Extreme E driver Oliver Bennett
Facing blistering winds and scorching deserts might sound like the opening scene to a film, but it is the reality for drivers in motorsport’s newest and arguably most revolutionary series yet: Extreme E. It is certainly the reality for Britain’s Oliver Bennett.
The all-electric off-road racing series has already captured the attention of fans with its commitment to raising awareness about the problems caused by climate change, establishing legacy programmes in each race location and putting gender equality at the forefront of its mission.
Unlike other series, each car and team consists of a male and female driver, with driving duties equally split, and boasts some famous names among its team owners, including Formula One world champions Lewis Hamilton, Nico Rosberg and Jenson Button.
Bennett, the 28-year-old rallycross driver, has been partnered Italian-Canary rally star Christine Giampaoli Zonca for Hispano Suiza Xite Energy Team. The duo currently sit fifth in the Drivers’ Championship after the opening round in Saudi Arabia, the first of five locations.
Extreme E’s arrival on the scene could not have come at a more pivotal time, with the World Meteorological Organisation this month warning that global temperatures could rise 1.5C above pre-industrial levels in the next five years.
“This is definitely the right time for Extreme E to come along. Everything’s going electric, I see more kids pointing out a Tesla now than I do Ferraris,” Bennett tells The Independent.
“It’s not just about the racing, it’s about the bigger picture. The series has done something that no other sport is been able to do yet, to combine that entertainment value with electric racing. It has got the recipe to really showcase how in the future most motorsport should be.
“[Christine and I] both play a crucial role to the team, which is great for young aspiring women to get into motorsport. There are so many little things that when you put them all together, it’s quite game-changing.”
Racing in some of the world’s most difficult conditions, such as the Russell Glacier in Greenland, would prove to be more than enough work on its own. Yet Bennett manages to combine all that with being the co-founder, alongside Megan Jones, of Xite Energy, an energy drinks brand that uses natural caffeine and nootropics (cognitive amino acids) to boost energy in a sustained manner.
Striking the right balance between the two has not always been easy for the Bristol-born driver, and now the company is in the spotlight as Extreme E’s official energy drink supplier and as sponsors of his Hispano Suiza team. Judging by energy drinks’ success in other series, such as Red Bull in Formula One, this could be a match made in marketing heaven.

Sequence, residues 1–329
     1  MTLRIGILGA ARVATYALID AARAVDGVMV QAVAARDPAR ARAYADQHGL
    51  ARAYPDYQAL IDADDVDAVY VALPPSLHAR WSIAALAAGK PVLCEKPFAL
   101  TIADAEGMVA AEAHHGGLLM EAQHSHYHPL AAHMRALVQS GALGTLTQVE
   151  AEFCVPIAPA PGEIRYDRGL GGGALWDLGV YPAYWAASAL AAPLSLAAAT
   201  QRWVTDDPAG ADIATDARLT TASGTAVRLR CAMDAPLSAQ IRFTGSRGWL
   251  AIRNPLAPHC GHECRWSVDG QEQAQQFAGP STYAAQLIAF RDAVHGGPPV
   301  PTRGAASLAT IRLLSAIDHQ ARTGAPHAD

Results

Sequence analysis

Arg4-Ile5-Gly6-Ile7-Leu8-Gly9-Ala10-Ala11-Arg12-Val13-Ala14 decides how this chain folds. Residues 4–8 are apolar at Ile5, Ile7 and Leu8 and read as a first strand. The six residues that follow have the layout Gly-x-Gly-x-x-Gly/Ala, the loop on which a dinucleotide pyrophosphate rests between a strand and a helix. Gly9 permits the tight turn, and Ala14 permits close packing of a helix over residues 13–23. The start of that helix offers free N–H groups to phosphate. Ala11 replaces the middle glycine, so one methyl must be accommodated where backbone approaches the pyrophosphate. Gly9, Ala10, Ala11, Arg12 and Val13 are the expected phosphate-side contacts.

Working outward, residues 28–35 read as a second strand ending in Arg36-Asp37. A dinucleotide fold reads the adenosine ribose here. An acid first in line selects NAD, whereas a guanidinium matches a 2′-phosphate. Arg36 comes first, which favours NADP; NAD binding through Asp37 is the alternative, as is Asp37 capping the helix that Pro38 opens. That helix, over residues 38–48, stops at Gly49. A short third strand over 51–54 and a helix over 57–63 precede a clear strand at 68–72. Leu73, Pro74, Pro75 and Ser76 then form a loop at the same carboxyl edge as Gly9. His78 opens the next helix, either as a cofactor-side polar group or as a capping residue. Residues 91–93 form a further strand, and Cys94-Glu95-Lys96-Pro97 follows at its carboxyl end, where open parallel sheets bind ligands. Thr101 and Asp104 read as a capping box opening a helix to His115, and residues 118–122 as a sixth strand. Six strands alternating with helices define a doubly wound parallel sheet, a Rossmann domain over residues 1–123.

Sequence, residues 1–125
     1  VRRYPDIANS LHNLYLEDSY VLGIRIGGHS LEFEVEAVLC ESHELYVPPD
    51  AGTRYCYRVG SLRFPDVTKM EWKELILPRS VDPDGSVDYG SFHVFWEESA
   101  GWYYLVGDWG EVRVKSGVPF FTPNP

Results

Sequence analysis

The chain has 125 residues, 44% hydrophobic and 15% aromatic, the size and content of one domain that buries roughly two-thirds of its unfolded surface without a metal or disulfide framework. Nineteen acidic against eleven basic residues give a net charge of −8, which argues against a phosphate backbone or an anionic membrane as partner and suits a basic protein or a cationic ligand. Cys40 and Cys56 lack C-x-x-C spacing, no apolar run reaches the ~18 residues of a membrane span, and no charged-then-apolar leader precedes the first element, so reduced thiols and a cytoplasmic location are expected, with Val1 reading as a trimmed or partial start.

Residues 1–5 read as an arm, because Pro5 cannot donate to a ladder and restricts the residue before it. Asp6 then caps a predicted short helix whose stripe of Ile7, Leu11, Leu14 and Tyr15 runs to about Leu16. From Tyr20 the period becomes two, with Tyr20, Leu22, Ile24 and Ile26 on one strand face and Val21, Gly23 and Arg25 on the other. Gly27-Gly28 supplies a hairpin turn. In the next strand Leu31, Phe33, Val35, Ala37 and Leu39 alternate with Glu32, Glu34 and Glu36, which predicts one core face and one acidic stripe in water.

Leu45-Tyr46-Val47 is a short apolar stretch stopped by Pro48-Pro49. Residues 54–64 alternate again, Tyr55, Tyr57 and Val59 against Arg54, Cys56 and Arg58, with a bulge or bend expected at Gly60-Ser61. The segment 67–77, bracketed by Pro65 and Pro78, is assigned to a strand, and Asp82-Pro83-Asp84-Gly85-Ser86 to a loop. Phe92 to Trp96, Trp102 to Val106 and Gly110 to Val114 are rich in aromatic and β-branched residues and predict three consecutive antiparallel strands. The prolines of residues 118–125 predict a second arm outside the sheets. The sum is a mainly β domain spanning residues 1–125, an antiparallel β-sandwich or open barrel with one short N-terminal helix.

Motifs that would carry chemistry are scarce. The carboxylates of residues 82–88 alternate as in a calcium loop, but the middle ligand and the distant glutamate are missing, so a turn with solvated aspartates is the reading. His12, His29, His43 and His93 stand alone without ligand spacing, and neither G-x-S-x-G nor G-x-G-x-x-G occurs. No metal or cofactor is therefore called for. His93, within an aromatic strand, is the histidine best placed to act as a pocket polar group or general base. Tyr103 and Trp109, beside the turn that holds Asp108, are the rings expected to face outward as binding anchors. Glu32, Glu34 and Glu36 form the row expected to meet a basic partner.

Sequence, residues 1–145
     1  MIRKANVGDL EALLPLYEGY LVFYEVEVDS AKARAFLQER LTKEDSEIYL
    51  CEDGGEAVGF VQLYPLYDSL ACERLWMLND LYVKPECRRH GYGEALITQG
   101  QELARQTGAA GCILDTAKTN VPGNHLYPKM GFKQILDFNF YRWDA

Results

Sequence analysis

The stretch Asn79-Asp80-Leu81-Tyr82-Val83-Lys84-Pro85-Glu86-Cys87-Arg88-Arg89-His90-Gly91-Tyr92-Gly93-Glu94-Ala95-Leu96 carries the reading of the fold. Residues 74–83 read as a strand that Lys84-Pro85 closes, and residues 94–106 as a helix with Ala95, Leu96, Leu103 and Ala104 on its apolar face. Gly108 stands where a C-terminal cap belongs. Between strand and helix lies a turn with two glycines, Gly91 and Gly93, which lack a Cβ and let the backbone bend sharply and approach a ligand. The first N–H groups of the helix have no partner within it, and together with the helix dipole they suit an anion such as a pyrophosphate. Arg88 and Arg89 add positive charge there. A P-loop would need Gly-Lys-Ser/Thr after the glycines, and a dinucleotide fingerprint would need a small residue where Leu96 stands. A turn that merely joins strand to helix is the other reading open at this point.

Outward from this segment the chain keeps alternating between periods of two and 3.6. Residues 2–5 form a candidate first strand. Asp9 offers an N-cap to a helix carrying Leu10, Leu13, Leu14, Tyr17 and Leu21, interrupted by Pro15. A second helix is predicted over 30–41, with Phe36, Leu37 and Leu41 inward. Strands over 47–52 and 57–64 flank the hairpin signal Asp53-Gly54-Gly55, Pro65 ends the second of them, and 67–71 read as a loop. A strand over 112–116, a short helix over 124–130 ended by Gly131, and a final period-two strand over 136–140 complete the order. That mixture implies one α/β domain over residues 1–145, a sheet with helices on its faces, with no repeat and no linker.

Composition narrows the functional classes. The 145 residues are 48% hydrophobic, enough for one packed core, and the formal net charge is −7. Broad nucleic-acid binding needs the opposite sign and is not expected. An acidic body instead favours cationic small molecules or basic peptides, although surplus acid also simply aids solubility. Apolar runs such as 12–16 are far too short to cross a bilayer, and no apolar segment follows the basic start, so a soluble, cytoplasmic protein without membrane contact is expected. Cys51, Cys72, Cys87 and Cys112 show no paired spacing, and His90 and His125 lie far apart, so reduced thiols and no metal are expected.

“It gets trickier over time as Xite is doing very well in the UK,” Bennett adds. “Having an energy drink within the motorsport environment was quite important from a marketing point of view, and it just so happened that I could drive the car relatively well at the same time.
“Extreme E was the perfect fit for a drink that’s taking energy drinks into a new area of sports science, focusing on nootropics and how they can help athletes perform. Looking at the New Age future of racing, everything’s going to go electric eventually. It seemed a perfect bill for Xite to showcase the performance of the drink in a sustainable way looking to the future.”
Xite’s mission to be sustainable extends beyond the racetrack, investing in renewable energy through its parent company Bee Green Energy. The firm is also working to be certified as a ‘B Corp’, emitting fewer pollutants into the environment than they produce.
With thoughts now turning to the Ocean X-Prix this weekend, Bennett and drivers throughout the grid will take away one key lesson from the season-opener Desert X-Prix last month – you can’t underestimate the task ahead.
“We were quite surprised to come fifth in the first event really, as it is as extreme as they say,” Bennett acknowledges.
“When you saw a few of those cars having problems, it definitely made you pull back a bit, even subconsciously you would. You’ve just seen a car flip over; you don’t want to do it yourself. In hindsight that probably wasn’t a bad thing, because there was a fine line between getting around and ending up on your roof.
“The short calendar plays into the strategy, because if you miss an event then you’ve also missed a lot of points and the points gaps are massive, which then adds the pressure to make sure you’re going fast. It’s that tortoise and the hare syndrome, the teams that can balance that and be the most consistent are going to do the best.”
Unpredictability appears to be the name of the game, and Bennett himself is keeping an open mind about the championship and challenges that lie ahead.
“It’s far too early to tell and I think it’s going to be very up much until the last event, where you really get to know who’s got a good chance to take it through to the top three.
“The conditions are still so unknown, even to us now that we’re in the series, I can’t really even tell you what Senegal is going to be like. We really do know nothing. As soon as you see it on TV, that’s the first time we’ve drove the car round the track, so it’s very new to us as it is to you.”
Round 2 of 2021 Extreme E Championship gets underway with the Ocean X-Prix in Senegal, from Saturday 29 May to Sunday 30 May.
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